Is it possible to designate my only child from my first marriage to get everything that I own upon my death? 7 Answers as of December 21, 2016

I'm going into my second marriage but have my one and only child from my first marriage. Would it go automatically to the spouse in my second marriage because I'm married? I'd like to ensure that everything goes to my child if I were to die.

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LAW OFFICE OF ROBERT I LONG
LAW OFFICE OF ROBERT I LONG | Robert I. Long
In California you can leave your property (but not your spouse's property!) to whomever you like, even to your cat. You accomplish that by adopting a Will or a Trust, or by other arrangements with the institution holding the asset you want to go to your child; e.g., by beneficiary designation on life insurance or an IRA, or by designating the child as "pay on death" to an account.
Answer Applies to: California
Replied: 12/21/2016
Law Ofices of Edwin K. Niles | Edwin K. Niles
You definitely need a will (or, if you own real estate, a trust). You should see a lawyer with experience in the estate planning field.
Answer Applies to: California
Replied: 12/15/2016
Danville Law Group | Scott Jordan
Yes it is possible but you need to plan properly. For instance, before getting remarried, you may want to consider a Pre-Marital Agreement (aka Pre Nup). Also, if you place your possessions into trust and name your child the beneficiary, your assets will go to your child and not split with your new wife. If you do nothing, she will receive at least 1/2 of your estate.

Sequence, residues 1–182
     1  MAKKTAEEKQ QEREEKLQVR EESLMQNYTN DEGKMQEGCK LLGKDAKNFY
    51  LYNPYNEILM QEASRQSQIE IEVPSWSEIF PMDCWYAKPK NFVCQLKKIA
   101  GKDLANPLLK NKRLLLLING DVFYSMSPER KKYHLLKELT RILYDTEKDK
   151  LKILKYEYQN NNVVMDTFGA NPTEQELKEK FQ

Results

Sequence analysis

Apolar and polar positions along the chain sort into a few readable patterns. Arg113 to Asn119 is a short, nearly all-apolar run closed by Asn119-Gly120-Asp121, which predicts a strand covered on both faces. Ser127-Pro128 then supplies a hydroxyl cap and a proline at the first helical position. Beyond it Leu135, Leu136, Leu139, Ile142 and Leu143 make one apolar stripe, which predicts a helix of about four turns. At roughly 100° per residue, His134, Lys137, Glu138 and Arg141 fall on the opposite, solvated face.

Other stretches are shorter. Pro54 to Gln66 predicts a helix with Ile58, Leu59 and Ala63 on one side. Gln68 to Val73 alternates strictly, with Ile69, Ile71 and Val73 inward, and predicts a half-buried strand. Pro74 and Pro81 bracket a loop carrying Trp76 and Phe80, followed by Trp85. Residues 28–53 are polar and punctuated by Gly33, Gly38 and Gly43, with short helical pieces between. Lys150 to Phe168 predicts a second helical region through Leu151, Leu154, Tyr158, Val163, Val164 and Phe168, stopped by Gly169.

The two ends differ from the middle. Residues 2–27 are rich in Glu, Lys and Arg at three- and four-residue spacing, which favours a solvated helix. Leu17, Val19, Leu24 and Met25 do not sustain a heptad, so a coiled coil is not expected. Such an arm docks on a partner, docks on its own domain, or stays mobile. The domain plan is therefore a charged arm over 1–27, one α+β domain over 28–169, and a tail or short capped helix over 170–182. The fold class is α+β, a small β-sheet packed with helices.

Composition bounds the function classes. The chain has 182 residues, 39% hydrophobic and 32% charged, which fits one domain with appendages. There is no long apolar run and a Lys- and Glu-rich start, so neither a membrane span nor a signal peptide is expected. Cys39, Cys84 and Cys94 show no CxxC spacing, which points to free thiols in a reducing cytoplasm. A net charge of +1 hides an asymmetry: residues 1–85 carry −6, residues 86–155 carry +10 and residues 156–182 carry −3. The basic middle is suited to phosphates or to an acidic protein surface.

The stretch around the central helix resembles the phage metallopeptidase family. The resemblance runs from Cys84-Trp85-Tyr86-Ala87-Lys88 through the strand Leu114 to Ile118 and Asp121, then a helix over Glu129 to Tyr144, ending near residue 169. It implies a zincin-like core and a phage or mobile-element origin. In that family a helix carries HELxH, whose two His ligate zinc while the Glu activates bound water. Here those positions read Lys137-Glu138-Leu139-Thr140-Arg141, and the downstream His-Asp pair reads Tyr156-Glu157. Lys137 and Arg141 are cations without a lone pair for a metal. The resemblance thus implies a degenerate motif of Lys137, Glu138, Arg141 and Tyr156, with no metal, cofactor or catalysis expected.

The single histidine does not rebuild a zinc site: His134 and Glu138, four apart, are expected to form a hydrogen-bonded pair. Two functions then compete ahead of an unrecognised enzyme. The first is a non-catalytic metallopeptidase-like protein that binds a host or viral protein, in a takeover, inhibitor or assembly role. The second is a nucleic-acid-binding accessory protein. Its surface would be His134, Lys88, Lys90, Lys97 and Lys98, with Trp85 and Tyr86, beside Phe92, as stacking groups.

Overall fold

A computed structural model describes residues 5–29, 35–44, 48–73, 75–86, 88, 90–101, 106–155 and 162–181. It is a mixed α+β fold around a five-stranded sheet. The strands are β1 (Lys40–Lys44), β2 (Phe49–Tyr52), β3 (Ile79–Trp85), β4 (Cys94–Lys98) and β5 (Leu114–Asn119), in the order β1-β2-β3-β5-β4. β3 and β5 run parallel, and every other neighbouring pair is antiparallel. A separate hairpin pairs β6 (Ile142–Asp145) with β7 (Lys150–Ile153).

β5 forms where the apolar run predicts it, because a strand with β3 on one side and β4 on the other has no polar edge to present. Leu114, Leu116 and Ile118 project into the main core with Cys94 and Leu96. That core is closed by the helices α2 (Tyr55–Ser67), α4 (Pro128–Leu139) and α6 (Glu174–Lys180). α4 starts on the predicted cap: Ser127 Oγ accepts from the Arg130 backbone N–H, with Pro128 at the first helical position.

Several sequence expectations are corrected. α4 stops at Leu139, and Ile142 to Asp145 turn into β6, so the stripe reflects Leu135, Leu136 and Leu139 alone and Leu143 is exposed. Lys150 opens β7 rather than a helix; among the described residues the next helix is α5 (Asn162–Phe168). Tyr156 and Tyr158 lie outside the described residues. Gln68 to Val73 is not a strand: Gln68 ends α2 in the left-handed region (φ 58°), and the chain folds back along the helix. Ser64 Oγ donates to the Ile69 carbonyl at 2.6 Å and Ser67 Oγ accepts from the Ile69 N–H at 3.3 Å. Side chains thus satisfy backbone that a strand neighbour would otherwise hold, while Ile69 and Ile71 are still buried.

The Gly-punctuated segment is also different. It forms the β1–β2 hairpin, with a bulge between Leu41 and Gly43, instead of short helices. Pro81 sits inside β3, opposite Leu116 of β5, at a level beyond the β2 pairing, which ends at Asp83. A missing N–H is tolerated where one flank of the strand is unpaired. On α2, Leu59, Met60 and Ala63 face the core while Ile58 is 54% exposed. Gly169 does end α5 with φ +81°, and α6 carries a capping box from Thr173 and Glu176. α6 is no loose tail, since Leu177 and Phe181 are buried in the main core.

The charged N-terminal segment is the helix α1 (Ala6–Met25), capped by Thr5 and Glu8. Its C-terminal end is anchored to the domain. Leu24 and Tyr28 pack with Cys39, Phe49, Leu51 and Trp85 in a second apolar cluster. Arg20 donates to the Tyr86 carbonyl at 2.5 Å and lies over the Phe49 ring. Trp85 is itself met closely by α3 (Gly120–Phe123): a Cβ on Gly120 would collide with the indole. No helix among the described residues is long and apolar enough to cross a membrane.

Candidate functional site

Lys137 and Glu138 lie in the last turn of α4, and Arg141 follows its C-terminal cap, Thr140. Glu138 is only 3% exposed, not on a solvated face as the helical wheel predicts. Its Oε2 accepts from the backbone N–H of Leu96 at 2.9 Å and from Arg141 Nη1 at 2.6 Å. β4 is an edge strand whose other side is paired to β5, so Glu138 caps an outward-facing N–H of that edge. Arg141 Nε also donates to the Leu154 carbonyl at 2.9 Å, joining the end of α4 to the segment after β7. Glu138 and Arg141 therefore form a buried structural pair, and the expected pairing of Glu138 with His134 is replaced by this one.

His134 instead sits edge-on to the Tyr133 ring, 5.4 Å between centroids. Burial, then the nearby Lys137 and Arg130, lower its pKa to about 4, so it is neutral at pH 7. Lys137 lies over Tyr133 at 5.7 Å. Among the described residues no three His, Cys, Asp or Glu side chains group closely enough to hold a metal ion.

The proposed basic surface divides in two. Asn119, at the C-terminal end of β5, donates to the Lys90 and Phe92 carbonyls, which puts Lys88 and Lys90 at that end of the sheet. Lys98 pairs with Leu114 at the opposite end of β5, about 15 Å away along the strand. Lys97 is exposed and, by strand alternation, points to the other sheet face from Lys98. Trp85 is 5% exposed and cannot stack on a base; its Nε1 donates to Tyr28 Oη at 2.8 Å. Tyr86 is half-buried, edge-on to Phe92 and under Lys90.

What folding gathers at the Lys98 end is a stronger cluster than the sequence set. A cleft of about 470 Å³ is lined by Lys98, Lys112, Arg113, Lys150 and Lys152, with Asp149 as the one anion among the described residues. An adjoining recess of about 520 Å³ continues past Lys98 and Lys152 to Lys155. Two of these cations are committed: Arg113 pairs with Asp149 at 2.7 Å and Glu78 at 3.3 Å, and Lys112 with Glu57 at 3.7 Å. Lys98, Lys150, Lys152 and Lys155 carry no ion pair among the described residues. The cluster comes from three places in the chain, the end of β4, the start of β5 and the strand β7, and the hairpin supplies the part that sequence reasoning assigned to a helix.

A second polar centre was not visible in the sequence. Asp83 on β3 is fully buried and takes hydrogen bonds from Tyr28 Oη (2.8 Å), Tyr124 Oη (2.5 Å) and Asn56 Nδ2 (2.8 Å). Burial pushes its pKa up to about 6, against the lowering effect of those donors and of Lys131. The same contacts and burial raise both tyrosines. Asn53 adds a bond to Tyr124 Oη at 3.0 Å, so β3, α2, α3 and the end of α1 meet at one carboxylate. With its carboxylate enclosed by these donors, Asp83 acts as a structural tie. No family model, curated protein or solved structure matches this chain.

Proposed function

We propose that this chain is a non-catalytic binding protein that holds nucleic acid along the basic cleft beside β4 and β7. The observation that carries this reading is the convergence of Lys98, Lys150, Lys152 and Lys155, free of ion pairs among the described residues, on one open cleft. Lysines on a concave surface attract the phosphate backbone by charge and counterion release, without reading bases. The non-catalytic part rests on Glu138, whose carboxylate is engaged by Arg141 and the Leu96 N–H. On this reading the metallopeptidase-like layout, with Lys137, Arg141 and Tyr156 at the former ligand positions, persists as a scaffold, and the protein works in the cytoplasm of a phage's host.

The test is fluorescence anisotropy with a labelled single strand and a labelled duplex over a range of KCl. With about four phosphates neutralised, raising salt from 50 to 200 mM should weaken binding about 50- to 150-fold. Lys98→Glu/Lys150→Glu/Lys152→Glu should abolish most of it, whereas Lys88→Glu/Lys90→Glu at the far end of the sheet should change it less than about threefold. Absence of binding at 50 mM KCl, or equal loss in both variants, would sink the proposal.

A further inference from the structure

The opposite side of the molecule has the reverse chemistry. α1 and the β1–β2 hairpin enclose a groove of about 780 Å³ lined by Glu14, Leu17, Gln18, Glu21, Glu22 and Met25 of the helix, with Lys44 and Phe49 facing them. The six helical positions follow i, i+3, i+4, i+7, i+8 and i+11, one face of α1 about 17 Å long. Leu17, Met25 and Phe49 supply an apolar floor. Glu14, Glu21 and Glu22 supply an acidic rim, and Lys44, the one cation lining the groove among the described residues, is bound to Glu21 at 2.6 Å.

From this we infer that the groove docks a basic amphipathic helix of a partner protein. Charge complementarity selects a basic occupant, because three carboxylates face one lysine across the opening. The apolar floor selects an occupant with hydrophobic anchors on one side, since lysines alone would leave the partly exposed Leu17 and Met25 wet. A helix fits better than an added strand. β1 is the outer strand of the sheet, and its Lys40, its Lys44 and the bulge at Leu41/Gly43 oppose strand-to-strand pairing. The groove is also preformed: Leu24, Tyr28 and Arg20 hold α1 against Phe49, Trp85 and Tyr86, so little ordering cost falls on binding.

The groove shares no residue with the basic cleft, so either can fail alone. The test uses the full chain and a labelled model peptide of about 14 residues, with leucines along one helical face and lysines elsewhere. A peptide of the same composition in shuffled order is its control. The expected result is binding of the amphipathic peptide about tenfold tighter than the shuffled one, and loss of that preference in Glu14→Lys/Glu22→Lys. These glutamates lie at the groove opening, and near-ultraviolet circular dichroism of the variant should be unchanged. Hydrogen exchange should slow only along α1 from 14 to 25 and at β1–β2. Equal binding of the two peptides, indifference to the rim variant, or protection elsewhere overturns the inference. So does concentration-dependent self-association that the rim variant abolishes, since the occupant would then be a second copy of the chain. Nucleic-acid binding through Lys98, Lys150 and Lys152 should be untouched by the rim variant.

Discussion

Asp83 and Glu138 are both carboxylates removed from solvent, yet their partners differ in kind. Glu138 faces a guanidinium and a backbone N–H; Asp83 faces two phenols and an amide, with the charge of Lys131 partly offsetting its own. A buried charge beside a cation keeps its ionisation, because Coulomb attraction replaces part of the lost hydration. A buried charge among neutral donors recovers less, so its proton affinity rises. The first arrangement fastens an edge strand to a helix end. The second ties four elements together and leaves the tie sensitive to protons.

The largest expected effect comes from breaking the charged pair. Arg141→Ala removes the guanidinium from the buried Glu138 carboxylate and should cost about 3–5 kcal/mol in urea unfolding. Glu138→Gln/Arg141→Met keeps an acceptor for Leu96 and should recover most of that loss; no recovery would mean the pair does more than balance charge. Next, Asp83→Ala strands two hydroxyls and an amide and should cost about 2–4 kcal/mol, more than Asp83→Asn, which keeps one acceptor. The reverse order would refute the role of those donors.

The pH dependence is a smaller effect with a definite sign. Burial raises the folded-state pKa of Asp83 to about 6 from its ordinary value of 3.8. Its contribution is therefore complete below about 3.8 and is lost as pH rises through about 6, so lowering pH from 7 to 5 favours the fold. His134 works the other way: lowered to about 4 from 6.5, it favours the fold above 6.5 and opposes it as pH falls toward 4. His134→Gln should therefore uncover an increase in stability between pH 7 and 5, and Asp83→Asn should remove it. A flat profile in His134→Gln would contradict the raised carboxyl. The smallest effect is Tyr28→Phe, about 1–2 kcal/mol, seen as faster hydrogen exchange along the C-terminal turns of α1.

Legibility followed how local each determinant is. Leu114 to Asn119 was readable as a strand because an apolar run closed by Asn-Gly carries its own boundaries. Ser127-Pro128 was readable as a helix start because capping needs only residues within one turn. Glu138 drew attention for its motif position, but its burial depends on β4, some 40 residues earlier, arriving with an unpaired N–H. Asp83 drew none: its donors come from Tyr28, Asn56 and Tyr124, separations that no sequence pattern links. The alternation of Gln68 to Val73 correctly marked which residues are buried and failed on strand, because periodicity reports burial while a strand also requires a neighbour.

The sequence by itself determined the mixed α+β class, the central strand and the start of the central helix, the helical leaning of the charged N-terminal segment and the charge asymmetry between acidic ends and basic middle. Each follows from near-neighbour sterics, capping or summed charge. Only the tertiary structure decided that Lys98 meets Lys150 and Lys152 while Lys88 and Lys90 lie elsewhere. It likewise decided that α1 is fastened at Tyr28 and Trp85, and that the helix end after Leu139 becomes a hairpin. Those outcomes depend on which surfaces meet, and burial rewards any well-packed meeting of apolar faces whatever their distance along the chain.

Answer Applies to: California
Replied: 12/15/2016
Law Office of Jeffrey T. Reed | Jeffrey T. Reed
Yes, it is possible, but you need to talk to an attorney to make sure it's done right and talk to your new husband so he knows what you want.
Answer Applies to: California
Replied: 12/15/2016
Patrick W. Currin, Attorney at Law | Patrick Currin
You need to get a trust in place.
Answer Applies to: California
Replied: 12/15/2016
    Law Offices of George H. Shers | George H. Shers
    Yes, you can easily prepare a Will that leaves everything to your child, but if you live in a state that has community property laws you spouse get half of the community property. If your assets are greater than his,you should prepare a pre-nup. and be careful to keep your assets separate from his or they can be converted into community property. ?Be sure to tell him what your intentions are, otherwise you will have a bitter living spouse when you die. Remember also that women normally live longer then men and if you segregate your private assets from him, he will likely do the same to you.
    Answer Applies to: California
    Replied: 12/15/2016
    WFB Legal Consulting, Inc.
    WFB Legal Consulting, Inc. | William F. Bernard
    In order to have maximum security. I would recommend a Living Trust. This would avoid Probate and the issue of intestate succession; would allow your child to be insulated from prospective creditors if structured properly; and ultimately allow you to provide for your child in the manner you choose.
    Answer Applies to: California
    Replied: 12/15/2016
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